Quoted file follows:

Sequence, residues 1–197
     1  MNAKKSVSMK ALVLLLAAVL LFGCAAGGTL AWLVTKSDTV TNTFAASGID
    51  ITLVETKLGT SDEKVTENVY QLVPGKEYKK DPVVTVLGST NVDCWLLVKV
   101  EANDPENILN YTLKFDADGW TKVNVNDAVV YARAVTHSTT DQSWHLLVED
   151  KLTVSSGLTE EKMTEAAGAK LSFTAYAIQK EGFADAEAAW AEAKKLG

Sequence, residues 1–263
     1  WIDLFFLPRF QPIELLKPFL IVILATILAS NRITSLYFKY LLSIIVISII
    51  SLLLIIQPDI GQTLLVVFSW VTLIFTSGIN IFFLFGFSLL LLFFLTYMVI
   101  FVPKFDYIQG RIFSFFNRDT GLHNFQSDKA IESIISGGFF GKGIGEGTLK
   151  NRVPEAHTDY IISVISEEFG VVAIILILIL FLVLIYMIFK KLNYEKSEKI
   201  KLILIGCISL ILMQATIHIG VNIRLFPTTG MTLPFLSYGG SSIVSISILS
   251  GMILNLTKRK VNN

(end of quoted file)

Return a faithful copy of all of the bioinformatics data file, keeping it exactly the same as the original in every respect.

Sequence, residues 1–197
     1  MNAKKSVSMK ALVLLLAAVL LFGCAAGGTL AWLVTKSDTV TNTFAASGID
    51  ITLVETKLGT SDEKVTENVY QLVPGKEYKK DPVVTVLGST NVDCWLLVKV
   101  EANDPENILN YTLKFDADGW TKVNVNDAVV YARAVTHSTT DQSWHLLVED
   151  KLTVSSGLTE EKMTEAAGAK LSFTAYAIQK EGFADAEAAW AEAKKLG

Sequence, residues 1–263
     1  WIDLFFLPRF QPIELLKPFL IVILATILAS NRITSLYFKY LLSIIVISII
    51  SLLLIIQPDI GQTLLVVFSW VTLIFTSGIN IFFLFGFSLL LLFFLTYMVI
   101  FVPKFDYIQG RIFSFFNRDT GLHNFQSDKA IESIISGGFF GKGIGEGTLK
   151  NRVPEAHTDY IISVISEEFG VVAIILILIL FLVLIYMIFK KLNYEKSEKI
   201  KLILIGCISL ILMQATIHIG VNIRLFPTTG MTLPFLSYGG SSIVSISILS
   251  GMILNLTKRK VNN